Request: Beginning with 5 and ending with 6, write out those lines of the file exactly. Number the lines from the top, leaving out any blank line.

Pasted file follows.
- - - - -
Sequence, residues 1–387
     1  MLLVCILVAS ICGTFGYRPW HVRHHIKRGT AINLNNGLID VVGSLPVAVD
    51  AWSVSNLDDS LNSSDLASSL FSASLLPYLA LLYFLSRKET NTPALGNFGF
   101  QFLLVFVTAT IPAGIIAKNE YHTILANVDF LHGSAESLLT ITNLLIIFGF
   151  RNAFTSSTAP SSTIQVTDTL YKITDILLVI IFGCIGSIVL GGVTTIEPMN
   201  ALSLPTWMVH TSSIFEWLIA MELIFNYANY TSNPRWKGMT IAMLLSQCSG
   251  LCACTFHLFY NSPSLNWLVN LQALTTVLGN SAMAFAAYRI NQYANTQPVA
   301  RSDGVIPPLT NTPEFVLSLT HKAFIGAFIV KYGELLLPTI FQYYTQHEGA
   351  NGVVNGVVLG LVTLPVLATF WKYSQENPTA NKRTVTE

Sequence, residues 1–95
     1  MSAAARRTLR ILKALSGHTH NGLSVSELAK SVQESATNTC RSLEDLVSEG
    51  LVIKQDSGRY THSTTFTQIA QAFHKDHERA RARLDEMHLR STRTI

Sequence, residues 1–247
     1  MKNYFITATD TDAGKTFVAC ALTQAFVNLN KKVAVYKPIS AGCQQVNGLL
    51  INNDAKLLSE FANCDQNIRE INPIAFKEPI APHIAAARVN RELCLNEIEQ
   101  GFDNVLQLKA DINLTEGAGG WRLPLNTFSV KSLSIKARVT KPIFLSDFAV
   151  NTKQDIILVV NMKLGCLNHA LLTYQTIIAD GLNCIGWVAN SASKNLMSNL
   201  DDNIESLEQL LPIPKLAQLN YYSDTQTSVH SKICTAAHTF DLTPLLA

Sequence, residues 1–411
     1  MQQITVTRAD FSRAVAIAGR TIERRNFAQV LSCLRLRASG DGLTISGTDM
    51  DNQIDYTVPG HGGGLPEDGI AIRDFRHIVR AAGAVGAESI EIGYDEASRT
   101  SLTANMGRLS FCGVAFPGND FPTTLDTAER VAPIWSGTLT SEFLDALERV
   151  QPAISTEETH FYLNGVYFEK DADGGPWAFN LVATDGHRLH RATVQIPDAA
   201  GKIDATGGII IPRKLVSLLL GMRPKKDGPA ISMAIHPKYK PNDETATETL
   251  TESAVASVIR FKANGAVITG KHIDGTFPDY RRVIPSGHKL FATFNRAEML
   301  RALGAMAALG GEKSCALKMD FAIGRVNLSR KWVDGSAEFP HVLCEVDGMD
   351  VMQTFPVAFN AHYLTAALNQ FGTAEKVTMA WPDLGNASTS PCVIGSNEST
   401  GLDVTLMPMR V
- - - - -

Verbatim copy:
   151  RNAFTSSTAP SSTIQVTDTL YKITDILLVI IFGCIGSIVL GGVTTIEPMN
   201  ALSLPTWMVH TSSIFEWLIA MELIFNYANY TSNPRWKGMT IAMLLSQCSG